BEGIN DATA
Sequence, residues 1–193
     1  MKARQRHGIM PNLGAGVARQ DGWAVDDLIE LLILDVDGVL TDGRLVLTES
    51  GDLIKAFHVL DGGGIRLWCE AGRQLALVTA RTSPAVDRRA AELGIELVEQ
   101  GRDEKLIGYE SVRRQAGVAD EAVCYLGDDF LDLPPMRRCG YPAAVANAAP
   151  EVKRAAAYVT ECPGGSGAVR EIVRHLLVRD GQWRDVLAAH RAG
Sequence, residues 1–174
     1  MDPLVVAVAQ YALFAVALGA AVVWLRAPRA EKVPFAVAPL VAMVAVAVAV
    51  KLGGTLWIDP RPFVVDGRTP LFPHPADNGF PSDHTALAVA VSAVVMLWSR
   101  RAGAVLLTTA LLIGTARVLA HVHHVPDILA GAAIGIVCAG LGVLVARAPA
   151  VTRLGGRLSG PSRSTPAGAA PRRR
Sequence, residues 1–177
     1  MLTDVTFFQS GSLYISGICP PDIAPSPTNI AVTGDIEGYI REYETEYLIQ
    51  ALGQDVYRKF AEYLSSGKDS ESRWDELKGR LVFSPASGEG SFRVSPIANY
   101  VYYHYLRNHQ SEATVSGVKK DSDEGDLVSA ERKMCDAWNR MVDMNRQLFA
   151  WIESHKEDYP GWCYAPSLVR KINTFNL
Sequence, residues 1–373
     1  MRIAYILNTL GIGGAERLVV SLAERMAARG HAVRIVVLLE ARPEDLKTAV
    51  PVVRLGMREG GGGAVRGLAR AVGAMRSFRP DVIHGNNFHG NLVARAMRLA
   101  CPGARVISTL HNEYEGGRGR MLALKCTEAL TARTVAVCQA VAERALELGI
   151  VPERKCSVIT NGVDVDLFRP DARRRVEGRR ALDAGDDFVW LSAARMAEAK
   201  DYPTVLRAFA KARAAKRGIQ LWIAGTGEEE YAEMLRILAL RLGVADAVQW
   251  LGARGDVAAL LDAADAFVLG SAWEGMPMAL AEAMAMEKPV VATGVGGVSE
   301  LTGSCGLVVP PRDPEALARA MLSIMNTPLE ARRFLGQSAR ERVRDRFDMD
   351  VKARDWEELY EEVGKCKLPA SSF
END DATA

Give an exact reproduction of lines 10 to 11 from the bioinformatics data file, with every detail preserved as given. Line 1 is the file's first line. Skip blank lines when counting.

   151  VTRLGGRLSG PSRSTPAGAA PRRR
Sequence, residues 1–177